Learn Japanese tea ceremony near Kadena AB, Okinawa
Learn Japanese tea ceremony near Kadena AB, Okinawa
Today, bottled green tea is readily available in convenience stores and supermarkets all around the world. Starbucks and coffee chains even include matcha frozen drinks, hot and iced green teas as part of their permanent menus. Whether sweet or not, hot or cold, there are no bounds to how you drink this staple beverage. However, despite its mainstream popularity, matcha tea still holds a special place in Japanese culture and the traditional tea ceremony.
The tea ceremony known as sado, which means “way of tea,” involves serving matcha tea paired with traditional sweets to bring out the rich tea flavor. At Cha Cha Cha, a five-minute drive away from Gate 2 of Kadena Air Base, visitors can experience this ritual and even do so dressed in a kimono, as is custom.
Despite this being a Japanese tradition, I had never participated in a tea ceremony until I visited Cha Cha Cha. I observed as four women from Camp Courtney participated in a 90-minute tea ceremony course.
First, the women chose from the many kimonos Cha Cha Cha keeps for ceremony participants. There were dozens of beautiful and colorful fabric to choose from, and instructor Kaori Kuwae’s masterful kimono dressing and tying skills were impressive and fun to watch.
In no time, the four ladies were dressed in their fancy kimonos and posed for photos.
Next, we entered the chashitsu, or tearoom, the size of five tatami mats through a door called a nijiri-guchi, which is wide enough to let one person through but in a crouch. The concept behind the design of nijiri-guchi, Kuwae explained, was to allow the person walking through to enter with a humbled spirit. We entered and sat on our knees facing Kuwae on the soft tatami mats.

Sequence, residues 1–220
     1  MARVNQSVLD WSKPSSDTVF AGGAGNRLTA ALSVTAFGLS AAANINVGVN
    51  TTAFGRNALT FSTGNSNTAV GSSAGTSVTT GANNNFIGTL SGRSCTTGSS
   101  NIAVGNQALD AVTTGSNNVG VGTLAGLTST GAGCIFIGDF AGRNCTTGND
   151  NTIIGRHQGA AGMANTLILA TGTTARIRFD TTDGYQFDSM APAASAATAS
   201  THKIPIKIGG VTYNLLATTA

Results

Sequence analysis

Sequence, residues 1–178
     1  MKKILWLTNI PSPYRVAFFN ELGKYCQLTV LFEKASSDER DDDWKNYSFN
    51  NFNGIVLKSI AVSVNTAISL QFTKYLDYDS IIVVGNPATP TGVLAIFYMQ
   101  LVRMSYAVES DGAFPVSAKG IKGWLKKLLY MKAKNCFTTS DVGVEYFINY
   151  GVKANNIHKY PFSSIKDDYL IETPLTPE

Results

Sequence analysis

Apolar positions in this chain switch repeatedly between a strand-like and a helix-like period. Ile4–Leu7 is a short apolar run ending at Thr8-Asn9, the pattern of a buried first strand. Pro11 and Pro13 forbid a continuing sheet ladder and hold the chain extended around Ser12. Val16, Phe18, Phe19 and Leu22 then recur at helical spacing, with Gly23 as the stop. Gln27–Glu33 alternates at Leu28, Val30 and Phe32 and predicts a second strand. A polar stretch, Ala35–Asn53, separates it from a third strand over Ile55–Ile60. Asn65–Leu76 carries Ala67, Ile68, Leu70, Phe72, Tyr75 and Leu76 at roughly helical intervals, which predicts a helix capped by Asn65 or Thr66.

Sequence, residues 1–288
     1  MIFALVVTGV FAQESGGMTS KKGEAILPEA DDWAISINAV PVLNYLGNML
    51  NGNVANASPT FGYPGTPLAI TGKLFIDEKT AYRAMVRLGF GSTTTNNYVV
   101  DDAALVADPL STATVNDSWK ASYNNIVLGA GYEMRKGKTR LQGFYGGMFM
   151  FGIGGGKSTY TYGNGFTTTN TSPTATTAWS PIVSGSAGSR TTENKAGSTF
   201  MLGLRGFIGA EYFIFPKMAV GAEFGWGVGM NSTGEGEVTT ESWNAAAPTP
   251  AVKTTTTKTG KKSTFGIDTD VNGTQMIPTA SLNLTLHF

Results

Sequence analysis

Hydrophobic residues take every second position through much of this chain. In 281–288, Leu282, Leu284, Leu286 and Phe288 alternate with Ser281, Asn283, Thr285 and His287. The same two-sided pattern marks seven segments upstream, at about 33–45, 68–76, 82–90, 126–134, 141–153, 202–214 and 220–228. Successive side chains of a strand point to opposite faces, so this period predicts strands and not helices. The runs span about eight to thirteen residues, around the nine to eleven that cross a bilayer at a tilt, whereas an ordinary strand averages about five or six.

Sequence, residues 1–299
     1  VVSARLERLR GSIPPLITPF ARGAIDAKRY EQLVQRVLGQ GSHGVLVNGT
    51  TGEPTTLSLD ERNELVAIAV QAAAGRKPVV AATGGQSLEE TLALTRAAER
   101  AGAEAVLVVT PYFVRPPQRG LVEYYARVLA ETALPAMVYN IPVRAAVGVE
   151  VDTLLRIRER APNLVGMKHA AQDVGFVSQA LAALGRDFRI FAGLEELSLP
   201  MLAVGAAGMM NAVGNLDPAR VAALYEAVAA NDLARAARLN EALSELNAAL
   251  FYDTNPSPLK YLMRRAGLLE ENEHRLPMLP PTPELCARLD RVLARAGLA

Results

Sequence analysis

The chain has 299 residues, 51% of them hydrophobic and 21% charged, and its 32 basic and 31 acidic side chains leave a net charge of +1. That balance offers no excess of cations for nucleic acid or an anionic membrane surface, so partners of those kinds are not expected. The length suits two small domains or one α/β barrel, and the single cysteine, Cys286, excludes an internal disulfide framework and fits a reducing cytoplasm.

The ceremony commenced with Kuwae pointing to a hanging scroll with the calligraphy “一期一会” pronounced “ichigo ichie,” and means “once in a lifetime.” This calligraphy is a reminder to live in the moment as the participants here and now will not come back to this moment when it’s over.
Before preparing tea, the host purposely treated the guests to pink confections made of mochi and bean paste first.
“Matcha powder (for green tea) contains no sweeteners and is served unsweetened, so guests eat sweets first,” Kuwae said, adding that the confections vary depending on the season.
Once Kuwae started brewing green tea with matcha powder using a chashaku (bamboo teaspoon) and a chasen (bamboo whisk), a silence set in. The boiling sound of water reverberated throughout the tearoom.
Just as there were specific reasons for entering the room the way we did and having sweets first, so were there manners and steps to follow in sipping the prepared tea. To accept the tea, we learned to say osakini choudai itashimasu, which means “Excuse me for going before you, I will partake of the sweet” and oshouban itashimasu, which means “I will join you.”
In addition, before drinking out of their bowl, participants are supposed to rotate it twice to avoid drinking from the beautifully painted and drawn portion of the vessel.